The Star Wars saga begins with a galaxy in turmoil.  An evil empire has all but quashed freedom from star system to star system.  The only hope is a ragtag rebellion led by Princess Leia Organa (Fisher), but she falls prisoner to the dark lord Darth Vader (Prowse, voiced by James Earl Jones).  Her only hope is two droids, C-3PO (Daniels) and R2-D2 (Baker), who carry her message of distress and top secret plans to an aged Jedi Knight named Obi-Wan Kenobi (Guinness).  But the droids first fall into the possession of a moisture farmer on the arid planet of Tatooine, and his restless nephew Luke Skywalker (Hamill).

Luke and Obi-Wan meet up with a renegade pilot and smuggler called Han Solo (Ford) and his furry Wookie companion Chewbacca (Mayhew) and pay him for transport, but the heroes soon stumble upon the Empire’s greatest secret:  the Death Star, a gigantic space station with weaponry that can destroy entire planets.  They find themselves prisoners of the Death Star, but Luke has other ideas…namely rescuing the Princess, escaping, and returning with the station’s plans to the rebel base so they can do battle against the Empire.  But first, Obi-Wan has unfinished business with his one-time apprentice, Vader…

This was the movie spectacle that defined a decade.  The climactic battle in and around the Death Star took audiences faster and more into the action than anything they had seen before.  The visual and audio effects marked the beginning of a new era in cinema technology.  And John Williams’ Wagner-esque score would become one of the most recognizable themes in movie history.

The picture not only set worldwide box office records and raked in millions more in merchandising cash, it earned critical praise as well, and even scored an impressive seven wins on Oscar night.  But the death knell of the Death Star wasn’t the ending of the story…not by a long shot.

Episode V:  The Empire Strikes Back ****

“I don’t believe it.”

“That is why you fail.”

With The Empire Strikes Back, George Lucas stepped back from the director’s chair in favor of Irvin Kershner while still maintaining a strong sense of control over his vision.  And he ended up accomplishing the unthinkable…he made a sequel even better than an already great original.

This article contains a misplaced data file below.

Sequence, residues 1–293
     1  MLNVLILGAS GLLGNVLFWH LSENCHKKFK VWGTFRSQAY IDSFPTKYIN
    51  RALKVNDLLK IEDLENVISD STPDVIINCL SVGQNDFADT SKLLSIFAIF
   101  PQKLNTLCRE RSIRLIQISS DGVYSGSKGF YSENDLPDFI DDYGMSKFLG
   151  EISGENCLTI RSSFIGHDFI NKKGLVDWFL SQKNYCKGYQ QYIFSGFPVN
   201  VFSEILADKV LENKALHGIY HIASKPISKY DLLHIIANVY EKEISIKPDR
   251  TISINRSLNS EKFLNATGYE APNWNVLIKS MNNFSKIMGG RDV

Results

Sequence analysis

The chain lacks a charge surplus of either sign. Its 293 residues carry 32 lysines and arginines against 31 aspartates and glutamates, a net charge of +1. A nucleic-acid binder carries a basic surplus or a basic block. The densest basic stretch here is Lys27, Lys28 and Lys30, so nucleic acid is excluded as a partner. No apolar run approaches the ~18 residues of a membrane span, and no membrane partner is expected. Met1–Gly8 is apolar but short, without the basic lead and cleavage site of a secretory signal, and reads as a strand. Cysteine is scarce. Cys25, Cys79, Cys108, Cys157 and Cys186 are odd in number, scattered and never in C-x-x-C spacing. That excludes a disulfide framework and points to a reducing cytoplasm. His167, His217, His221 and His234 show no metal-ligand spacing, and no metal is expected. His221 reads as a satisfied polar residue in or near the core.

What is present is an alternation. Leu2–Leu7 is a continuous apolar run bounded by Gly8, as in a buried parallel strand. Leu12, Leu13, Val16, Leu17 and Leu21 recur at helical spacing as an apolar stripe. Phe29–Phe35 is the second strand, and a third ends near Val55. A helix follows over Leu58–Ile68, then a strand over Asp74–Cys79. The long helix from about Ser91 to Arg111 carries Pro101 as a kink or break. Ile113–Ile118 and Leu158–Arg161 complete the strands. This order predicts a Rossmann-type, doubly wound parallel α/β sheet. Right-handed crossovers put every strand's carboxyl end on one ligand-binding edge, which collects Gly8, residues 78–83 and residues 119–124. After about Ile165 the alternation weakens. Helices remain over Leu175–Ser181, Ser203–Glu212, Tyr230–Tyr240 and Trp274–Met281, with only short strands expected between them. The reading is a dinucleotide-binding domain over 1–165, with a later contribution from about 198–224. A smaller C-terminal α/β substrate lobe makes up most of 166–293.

With Darth Vader and the Empire more determined than ever to crush the rebellion, they take the fight to the secret rebel base on the ice planet Hoth (a spectacular battle with giant walkers).  The survivors take flight after a crushing defeat.  Luke, following the advice of the apparition of Obi-Wan, travels to the Dagobah system to seek the legendary Jedi Master Yoda (voiced and puppeted by Frank Oz).  Meanwhile, Han, Leia, Chewbacca and the droids risk a dangerous getaway through an asteroid belt to meet up with Han’s old companion Lando Calrissian (Williams). 

But all is not well.  The Empire wants Luke, and have rigged a trap for him using his friends as bait.  Luke abandons his Jedi training to finally confront Vader face to face, only to find Vader holding a card over him that he could have never imagined.  I can still remember the chills in my spine, my hairs standing on end, my eyes widening and the color draining from my face when I heard those immortal words for the first time: 


And for Star Wars fans, it became the most pivotal moment of all the movies combined.

Empire is the best of the lot easily…true, there’s still one picture left to come out, but I’m wagering it won’t dethrone the movie that fans universally claim as their favorite.  It was an honest second installment of a trilogy:  it took the story forward with a darker sense of purpose, and it left fans wondering just what would be the outcome of it all.  It would again be a three year wait to learn the answer.

Episode VI:  Return of the Jedi ***

“I can’t leave you…I’ve got to save you!”

“You already have.”

Return of the Jedi, under the direction of Richard Marquand, brought Lucas’ original trilogy to a mostly satisfying conclusion.  Story threads that had been woven since A New Hope were finally completing their picture.  Luke and Vader would finally square off not as merely enemies, but as father and son.  The Emperor’s (McDiarmid) evil design would be realized.  Oh yes, and the Star Wars universe would also be overrun by gibbering teddy bears.

Those cuddly rascals called Ewoks were always a little too precious to be in a Star Wars movie to my way of thinking, but in hindsight, I’d rather Lucas had brought them back in Episode I in place of Jar-Jar Binks.  They were furry and primitive, yet managed to help our intrepid heroes in their efforts to knock out the Empire’s shield generator on the forest planet of Endor so that the rebels could try to destroy the Empire’s new in-progress Death Star.

The cutesy-cutesy factor notwithstanding, the real meat of the final installment was Luke having to face down the evil and powerful Emperor and his plans to turn the son to the Dark Side of the Force just as he had done the father.  Not only did the future of the rebellion hang in the balance, but so did Luke’s last chance to redeem his father, who had fallen a long way from the once promising Jedi Anakin Skywalker into the villainous machine-like Darth Vader.

All good things must come to an end, but of course, the genius of Lucas was that it didn’t really…he left room to go back to the beginning and start all over again, which he would do some 16 years after the fact.  The new Star Wars entries have been welcomed by fans, but I don’t think anything will replace the experience of the original Star Wars Trilogy.  They were the films that created the new myths and advanced the scientific art of motion picture making to a new level, and as such, they will always serve as distinct bookmarks in the history of cinema.